While the dosage of the above pharmaceutical preparations is dependent on the method of administration, the patient's age, sex and other background factors, severity of the disease and the disease to be treated, it is generally recommended to administer orally about 5 to 60 mg/per day, or the equivalent intravenous dose based upon plasma levels.
Cardiac fibrosis in the present invention may be due to a variety of diseases associated with cardiac fibroblast proliferation or the activation of extracellular matrix protein synthesis by cardiac fibroblasts. These diseases may be effectively treated in the present invention. Such diseases include aortic and mitral valvular regurgitation. In addition, cardiac hypertrophy, which is associated with many cardiac diseases, and often involves myocyte and fibroblast components, may be effectively treated in the present invention.
______________________________________Dosage Form Example 1______________________________________3,4-dihydro-6- 4-(3,4-dimethoxybenzoyl)-1- 150 gpiperazinyl!-2(1H)-quinolineAvicel 40 g(trademark, Asahi Chemical Industry, Co., Ltd.)Corn starch 30 gMagnesium stearate 2 gHydroxypropylmethylcellulose 10 gPolyethylene glycol 6000 3 gCastor oil 40 gMethanol 40 g______________________________________
The above active ingredient, Avicel, corn starch and magnesium stearate are mixed and ground together, and the resulting mixture is compression-molded with a dragee R10 mm punch. The tablets thus obtained are coated with a film coating composition consisting of hydroxypropyl methylcellulose, polyethylene glycol 6000, castor oil and methanol to give film-coated tablets.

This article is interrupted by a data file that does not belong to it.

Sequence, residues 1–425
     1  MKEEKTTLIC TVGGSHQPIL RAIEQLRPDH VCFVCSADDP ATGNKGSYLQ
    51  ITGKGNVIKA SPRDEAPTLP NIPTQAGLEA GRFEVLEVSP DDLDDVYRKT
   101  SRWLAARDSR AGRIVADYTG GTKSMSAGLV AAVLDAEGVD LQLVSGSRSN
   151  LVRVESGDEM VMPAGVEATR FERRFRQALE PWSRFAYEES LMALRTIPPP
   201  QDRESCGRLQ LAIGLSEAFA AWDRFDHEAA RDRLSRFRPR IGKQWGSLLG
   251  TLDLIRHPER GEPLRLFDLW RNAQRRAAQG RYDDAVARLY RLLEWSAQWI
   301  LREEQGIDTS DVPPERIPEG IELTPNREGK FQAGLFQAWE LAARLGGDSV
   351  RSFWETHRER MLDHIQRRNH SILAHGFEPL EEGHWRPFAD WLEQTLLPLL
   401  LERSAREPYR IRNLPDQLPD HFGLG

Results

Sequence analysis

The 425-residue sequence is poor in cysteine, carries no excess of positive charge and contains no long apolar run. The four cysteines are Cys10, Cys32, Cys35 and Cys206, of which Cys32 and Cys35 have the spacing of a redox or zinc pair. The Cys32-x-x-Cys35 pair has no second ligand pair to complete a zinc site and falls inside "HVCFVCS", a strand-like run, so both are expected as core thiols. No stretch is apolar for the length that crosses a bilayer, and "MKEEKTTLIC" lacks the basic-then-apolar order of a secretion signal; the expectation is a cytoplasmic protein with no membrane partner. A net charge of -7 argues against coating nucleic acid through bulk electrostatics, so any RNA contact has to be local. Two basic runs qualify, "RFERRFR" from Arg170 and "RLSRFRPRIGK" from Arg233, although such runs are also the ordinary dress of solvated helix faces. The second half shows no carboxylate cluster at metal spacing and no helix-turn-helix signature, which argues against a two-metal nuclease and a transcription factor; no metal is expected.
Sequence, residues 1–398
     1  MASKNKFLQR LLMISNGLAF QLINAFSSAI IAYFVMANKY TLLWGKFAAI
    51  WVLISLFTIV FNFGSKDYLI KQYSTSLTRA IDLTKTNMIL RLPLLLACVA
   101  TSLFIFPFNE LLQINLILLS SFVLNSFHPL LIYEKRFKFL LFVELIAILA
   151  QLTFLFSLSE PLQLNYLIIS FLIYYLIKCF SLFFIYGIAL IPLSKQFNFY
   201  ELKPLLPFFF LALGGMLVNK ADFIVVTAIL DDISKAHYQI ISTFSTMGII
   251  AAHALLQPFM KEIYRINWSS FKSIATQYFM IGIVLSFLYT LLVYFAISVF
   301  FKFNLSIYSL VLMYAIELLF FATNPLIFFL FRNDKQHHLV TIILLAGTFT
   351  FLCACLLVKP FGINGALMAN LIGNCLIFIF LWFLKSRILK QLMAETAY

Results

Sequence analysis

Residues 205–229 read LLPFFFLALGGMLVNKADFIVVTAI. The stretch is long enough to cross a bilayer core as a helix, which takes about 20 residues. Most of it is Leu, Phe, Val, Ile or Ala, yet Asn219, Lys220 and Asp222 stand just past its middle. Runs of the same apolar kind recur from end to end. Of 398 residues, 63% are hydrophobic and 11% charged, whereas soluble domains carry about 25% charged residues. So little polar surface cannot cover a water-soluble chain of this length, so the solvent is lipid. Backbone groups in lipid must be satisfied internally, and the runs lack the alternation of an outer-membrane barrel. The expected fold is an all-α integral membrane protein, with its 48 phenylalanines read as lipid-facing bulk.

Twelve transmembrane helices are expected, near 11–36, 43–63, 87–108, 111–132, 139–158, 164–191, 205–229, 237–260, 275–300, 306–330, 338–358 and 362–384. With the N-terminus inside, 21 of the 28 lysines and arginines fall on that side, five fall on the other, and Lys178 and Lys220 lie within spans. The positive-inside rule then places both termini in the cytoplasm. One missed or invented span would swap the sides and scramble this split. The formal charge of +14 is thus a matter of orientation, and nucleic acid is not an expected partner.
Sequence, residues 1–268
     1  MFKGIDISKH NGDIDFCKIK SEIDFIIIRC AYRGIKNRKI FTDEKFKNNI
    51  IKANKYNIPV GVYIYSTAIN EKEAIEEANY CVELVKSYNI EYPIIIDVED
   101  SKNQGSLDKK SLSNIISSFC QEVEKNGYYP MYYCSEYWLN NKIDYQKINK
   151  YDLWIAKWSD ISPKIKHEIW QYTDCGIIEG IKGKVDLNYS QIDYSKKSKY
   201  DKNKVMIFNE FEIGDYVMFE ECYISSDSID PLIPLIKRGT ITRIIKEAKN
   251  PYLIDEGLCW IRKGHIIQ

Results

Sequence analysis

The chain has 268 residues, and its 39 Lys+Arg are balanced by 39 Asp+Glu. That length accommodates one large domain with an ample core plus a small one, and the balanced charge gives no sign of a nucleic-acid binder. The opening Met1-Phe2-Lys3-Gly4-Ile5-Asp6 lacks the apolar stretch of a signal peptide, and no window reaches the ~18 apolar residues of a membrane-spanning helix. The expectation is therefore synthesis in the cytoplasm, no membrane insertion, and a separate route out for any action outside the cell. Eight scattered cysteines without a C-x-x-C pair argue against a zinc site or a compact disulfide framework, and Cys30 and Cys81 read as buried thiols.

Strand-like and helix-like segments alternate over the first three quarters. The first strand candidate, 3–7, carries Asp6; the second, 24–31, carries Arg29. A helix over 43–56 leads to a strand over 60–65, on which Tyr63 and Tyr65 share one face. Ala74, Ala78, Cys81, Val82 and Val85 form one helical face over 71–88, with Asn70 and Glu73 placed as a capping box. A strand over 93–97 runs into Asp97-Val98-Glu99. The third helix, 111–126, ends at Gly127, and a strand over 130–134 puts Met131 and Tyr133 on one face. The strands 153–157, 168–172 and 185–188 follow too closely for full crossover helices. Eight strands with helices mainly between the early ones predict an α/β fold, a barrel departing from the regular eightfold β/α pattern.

______________________________________Dosage Form Example 2______________________________________3,4-dihydro-6- 4-(3,4-dimethoxybenzoyl)-1- 150 gpiperazinyl!-2(1H)-quinolineCitric acid 1 gLactose 33.5 gDicalcium phosphate 70 gPluronic F-68 30 gSodium lauryl sulfate 15 gPolyvinylpyrrolidone 15 gPolyethylene glycol (Carbowax 1500) 4.5 gPolyethylene glycol (Carbowax 6000) 45 gCorn starch 30 gDry sodium lauryl sulfate 3 gDry magnesium stearate 3 gEthanol q.s.______________________________________
The above active ingredient, citric acid, lactose, dicalcium phosphate, pluronic F-68 and sodium lauryl sulfate are admixed.